Special to MyDesert
PALM SPRINGS — Some of the best things in life are NOT free, but well worth the expense. Le Vallauris is one of them.
The back story
Longtime “grande dame” of dining establishments, this upscale restaurant has occupied the historic former home of George B. Roberson, son of Palm Springs pioneer Nellie Coffman, since savvy restaurateur Paul Bruggemans opened it in 1973.
At the time, Bruggemans owned and operated the renowned St. Germaine restaurant in Hollywood when he established Le Vallauris, which is named for a celebrity-studded seaside resort in the south of France.
The name, of course, suggests both the level of clientele as well as the haute cuisine to those “in the know.”
With then-Executive Chef Jean Dumond and a well-trained service staff, Le Vallauris quickly became THE restaurant for Palm Springs’ society crowd, local power-brokers and every celebrity who happened to live in or visit Palm Springs.
Bruggemans’ brother Tony, who joined Le Vallauris as general manger 13 years ago after a storied career managing international private hotels, regaled us with fascinating stories one evening at dinner.
He recalled Jolie Gabor, mama of the famous Gabor girls, Zsa Zsa, Magda and Eva, practically held court at Le Vallauris weekly.
“Whenever anyone wanted to honor Jolie with a luncheon, if they were cheap and suggested somewhere else, Jolie would say, ‘Sorry, dahling, only at Le Vallauris will I do a party!” said Bruggemans.
Bruggemans and Executive Chef Jean Paul Lair, who has been with Le Vallauris for the past 25 years, enjoyed remembering some of the celebrities who regularly dine or have visited the restaurant, including the Kirk Douglas family, actress Suzanne Somers, singer Bon Jovi, actor Robert Di Niro, entertainer Liza Minnelli and the late pop star Michael Jackson, who Lair recalled “hid under a blanket in the dining room.”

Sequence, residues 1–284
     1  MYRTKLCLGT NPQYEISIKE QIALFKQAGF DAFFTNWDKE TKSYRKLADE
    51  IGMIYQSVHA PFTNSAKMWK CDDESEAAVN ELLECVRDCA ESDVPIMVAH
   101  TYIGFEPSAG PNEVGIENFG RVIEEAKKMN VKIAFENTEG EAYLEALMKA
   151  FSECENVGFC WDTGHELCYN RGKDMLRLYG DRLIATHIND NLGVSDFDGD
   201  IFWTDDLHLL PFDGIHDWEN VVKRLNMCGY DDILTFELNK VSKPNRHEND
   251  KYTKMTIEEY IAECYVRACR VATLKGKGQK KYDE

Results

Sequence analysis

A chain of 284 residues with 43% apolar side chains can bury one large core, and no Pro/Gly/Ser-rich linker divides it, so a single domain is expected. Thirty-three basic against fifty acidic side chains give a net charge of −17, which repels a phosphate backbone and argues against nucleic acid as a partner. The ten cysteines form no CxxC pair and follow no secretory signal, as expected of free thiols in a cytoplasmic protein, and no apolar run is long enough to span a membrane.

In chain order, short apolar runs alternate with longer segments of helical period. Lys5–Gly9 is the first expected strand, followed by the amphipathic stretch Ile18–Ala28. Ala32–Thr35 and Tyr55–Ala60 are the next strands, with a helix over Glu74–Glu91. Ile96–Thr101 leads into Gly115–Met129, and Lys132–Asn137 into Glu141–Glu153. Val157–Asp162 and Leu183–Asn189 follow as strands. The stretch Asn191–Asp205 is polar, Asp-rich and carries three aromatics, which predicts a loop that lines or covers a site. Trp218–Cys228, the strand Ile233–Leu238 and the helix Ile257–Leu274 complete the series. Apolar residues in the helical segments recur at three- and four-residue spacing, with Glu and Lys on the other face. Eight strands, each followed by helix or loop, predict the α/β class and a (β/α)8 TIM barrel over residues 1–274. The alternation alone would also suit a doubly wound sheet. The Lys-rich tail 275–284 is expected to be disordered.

“We are very discreet and do not take photographs or ask for autographs,” said Tony Bruggemans.
Built in a Spanish style in the 1920s, Le Vallauris is U-shaped around a magnificent outdoor patio that is shaded by giant fiscus trees. At night the trees are spotlighted above the house’s roofline to accentuate their sculptural forms as well as light the patio.
“Some 90 percent of guests dine on the patio, said Tony Bruggemans. “For people coming from New York and Chicago in the winter, it is a pleasure to sit outside with weather that is like summer to them.”
On an early balmy October evening, not a leaf stirring, dining outdoors at white linen-clad tables with candlelight, wine glasses, polished silver, and even more polished wait staff, the experience is truly Palm Springs at its best. Put this one on your bucket list!
Chef Jean Paul’s masterful French-California cuisine is the corollary to these elegant surroundings.
White boards on easels, handwritten with the day’s a la carte menu, are carried to each table for perusal. However, get out your reading glasses, as the board, looking like morass of Chinese characters, is crammed with dozens of appetizers, salads and first courses, with as many entrées.
There is also a weekly changing prix fixe three course menu in a cover on the table.
We started off with an heirloom tomato carpaccio with avocado, watermelon in a vanilla lemon olive oil. This colorful plate featured four different colored heirloom tomatoes, squares of sweet red watermelon and buttery avocado. Scallops with a blend of potatoes and tomato was another appetizer we tried.
Sautéed Dover sole was prepared with almond cream and orange beurre blanc over a quinoa risotto, and the Lake Superior white fish topped fresh sautéed spinach and shiitake mushrooms in a mustard beurre blanc.
An amazingly light Grand Marnier soufflé, slit and filled with crème Anglaise and warmed chocolate, was the sweet finish.
The weekly prix fixe menu at $58 per person is comparatively a great value starting with a mise en bouche (a little mouthful) — ahi tuna, prosciutto and fig or vichyssoise; choice of three appetizers, three entrées and three desserts.
The week we visited, Dover sole was one of the choices along with a grilled lamb loin with black olive tapenade or roasted organic chicken with chanterelles.
The restaurant is also now open for lunch on Friday, Saturday and Sunday, and offers a three-course prix fixe Sunday Brunch that includes eggs Benedict, Maine lobster ravioli and grilled duck breast with Cabernet figs and soft polenta.
During season, learn some of Chef Jean Paul’s and Pastry Chef Laurent Dellac’s secrets at Le Vallauris’ lunchtime cooking demonstrations held the second Monday of every month. Cost is $55 and the restaurant provides the recipes, writing materials and the three-course meal. Next demonstration is Nov. 12 and following is Dec. 10. Check the website for more dates and reservations.